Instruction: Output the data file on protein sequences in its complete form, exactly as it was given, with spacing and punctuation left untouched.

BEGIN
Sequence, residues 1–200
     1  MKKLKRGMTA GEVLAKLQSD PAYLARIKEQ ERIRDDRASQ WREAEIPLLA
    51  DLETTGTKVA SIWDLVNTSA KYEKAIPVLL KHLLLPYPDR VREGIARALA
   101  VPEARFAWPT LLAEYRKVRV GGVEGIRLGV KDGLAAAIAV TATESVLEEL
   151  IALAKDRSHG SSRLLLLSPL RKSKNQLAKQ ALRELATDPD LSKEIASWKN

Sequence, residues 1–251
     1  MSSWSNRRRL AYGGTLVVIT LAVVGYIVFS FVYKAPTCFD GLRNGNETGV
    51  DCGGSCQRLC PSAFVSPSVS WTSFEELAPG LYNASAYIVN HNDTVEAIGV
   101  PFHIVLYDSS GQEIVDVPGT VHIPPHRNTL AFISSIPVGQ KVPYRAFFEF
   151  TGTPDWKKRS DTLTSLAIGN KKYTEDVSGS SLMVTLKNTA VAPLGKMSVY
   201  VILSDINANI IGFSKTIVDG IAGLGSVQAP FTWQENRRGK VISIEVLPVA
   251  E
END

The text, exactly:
Sequence, residues 1–200
     1  MKKLKRGMTA GEVLAKLQSD PAYLARIKEQ ERIRDDRASQ WREAEIPLLA
    51  DLETTGTKVA SIWDLVNTSA KYEKAIPVLL KHLLLPYPDR VREGIARALA
   101  VPEARFAWPT LLAEYRKVRV GGVEGIRLGV KDGLAAAIAV TATESVLEEL
   151  IALAKDRSHG SSRLLLLSPL RKSKNQLAKQ ALRELATDPD LSKEIASWKN

Sequence, residues 1–251
     1  MSSWSNRRRL AYGGTLVVIT LAVVGYIVFS FVYKAPTCFD GLRNGNETGV
    51  DCGGSCQRLC PSAFVSPSVS WTSFEELAPG LYNASAYIVN HNDTVEAIGV
   101  PFHIVLYDSS GQEIVDVPGT VHIPPHRNTL AFISSIPVGQ KVPYRAFFEF
   151  TGTPDWKKRS DTLTSLAIGN KKYTEDVSGS SLMVTLKNTA VAPLGKMSVY
   201  VILSDINANI IGFSKTIVDG IAGLGSVQAP FTWQENRRGK VISIEVLPVA
   251  E